By Paul Hutchings, founder fox&cat.
Trust, leading to loyalty and commitment. This is what comms agencies want from their clients, and what clients also want from their agencies.
It’s a kind of courtship where clients get the expert outsider’s perspective on their challenge and agencies get to deliver creative strategies and solutions to help overcome it.
But courting takes time and effort (…and for some clients a fair few Christmas hampers!) The question is: are we spending too much time trying to create perfect client-agency relationships? Is this just unhelpful pressure? Why not just be human and accept our shortcomings?
An ex-client of mine, Liz Skrbkova, from the US Obesity Portfolio Communications team at Novo Nordisk, and HBA Rising Star (2020), truly believes in the value of the client-agency relationship:
“Client partnerships with agency teams are first and foremost human relationships. A good start to overcoming challenges together is being empathetic, realistic and communicating effectively.”
Striving for perfection while being realistic
To me, perfection in comms (agency side) is the right team delivering the right work at the right time, in the right way, to the right client. They have the right amount of insight, strategy, creativity, blend of skill and specialism, and deliver ahead of deadlines. They may even surprise their clients to truly impress. And they’re reliable, consistent, and no team member ever breaks a sweat!
Hmmm… that already sounds unrealistic. And what happens when you or one of your team can’t do their part?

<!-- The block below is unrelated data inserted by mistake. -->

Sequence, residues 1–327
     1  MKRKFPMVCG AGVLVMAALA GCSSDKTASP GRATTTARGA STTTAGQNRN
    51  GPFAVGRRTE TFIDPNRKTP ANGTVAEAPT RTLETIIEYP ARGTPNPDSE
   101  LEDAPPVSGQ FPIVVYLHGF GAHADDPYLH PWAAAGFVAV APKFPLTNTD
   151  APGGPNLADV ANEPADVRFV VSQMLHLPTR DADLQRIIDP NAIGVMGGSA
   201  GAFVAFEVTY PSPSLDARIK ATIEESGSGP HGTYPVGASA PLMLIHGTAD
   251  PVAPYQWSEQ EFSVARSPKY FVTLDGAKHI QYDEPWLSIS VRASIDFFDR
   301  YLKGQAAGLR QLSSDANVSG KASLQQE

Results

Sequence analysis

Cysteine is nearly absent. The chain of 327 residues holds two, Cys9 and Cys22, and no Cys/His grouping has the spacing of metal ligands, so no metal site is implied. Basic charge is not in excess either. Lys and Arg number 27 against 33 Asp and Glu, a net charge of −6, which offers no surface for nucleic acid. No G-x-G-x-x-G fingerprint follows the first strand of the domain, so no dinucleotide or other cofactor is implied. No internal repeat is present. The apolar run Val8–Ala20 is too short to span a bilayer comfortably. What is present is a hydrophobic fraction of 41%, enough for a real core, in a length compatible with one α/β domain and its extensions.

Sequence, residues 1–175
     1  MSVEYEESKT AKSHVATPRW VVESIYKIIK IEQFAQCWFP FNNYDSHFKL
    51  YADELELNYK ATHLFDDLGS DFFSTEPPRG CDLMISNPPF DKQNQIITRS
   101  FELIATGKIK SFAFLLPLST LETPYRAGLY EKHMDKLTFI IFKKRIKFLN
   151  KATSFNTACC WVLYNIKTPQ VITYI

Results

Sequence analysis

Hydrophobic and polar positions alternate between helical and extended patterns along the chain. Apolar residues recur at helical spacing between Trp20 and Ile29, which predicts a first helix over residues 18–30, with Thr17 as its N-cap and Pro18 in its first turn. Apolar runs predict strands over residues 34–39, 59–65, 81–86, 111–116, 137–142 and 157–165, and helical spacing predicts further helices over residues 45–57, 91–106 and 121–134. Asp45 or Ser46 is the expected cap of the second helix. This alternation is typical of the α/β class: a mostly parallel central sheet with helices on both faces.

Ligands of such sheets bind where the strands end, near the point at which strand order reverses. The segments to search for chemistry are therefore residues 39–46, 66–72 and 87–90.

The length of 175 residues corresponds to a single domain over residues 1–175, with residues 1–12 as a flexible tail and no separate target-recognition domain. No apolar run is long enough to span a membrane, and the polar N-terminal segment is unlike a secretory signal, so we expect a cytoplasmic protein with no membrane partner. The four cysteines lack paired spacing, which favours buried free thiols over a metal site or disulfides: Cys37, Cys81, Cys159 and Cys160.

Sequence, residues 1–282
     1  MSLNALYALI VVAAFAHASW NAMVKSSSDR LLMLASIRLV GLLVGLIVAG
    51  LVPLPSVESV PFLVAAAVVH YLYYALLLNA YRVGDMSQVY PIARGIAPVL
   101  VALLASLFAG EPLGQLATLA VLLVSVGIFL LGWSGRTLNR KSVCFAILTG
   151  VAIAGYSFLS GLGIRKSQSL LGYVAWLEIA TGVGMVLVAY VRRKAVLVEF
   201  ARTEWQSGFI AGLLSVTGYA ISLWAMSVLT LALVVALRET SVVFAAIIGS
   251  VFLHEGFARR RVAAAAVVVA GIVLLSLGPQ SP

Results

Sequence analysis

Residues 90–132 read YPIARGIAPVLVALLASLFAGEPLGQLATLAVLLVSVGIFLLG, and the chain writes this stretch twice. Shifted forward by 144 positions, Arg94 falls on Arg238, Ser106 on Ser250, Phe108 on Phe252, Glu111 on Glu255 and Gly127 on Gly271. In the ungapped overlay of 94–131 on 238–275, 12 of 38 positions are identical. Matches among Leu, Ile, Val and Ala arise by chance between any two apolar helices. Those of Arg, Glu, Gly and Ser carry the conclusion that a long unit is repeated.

Maybe they’re sick, drawn to another priority or are simply having an off-day. Then a cog jams and your previously well-oiled machine malfunctions. Your team becomes like the fox in the fable, unsure what to do for the best and you end up doing nothing at all.
So, can an agency be all these things at once, all the time?
The practical challenges when servicing your clients
There are many practical challenges for client services teams. The fast-evolving nature of the comms sector, plus many specialisms popping up all the time, can make the already super-human challenge of managing client services even harder.
Clients buy more services from their agencies than ever before, so agencies need exceptional client servicing skills and industry insights. Then there are internal matters to keep an agency functioning; like operations, leadership and team management, training, HR, finance and wellbeing.
Not only must agencies know how these things work together but also how to be efficient and effective. All with seemingly shrinking budgets, timescales and tolerance around margins of error.
Uh oh, I’m feeling the pressure…
Let’s face it, agency-side you have a challenge and a half on your hands, with client service teams sitting right in the firing line.
The “half” part is the day-to-day role where you’re working between your clients and your team.
The larger challenge is attempting to quash the misperception that this is all you do. In reality you have to…
- be an expert in navigating everything your agency does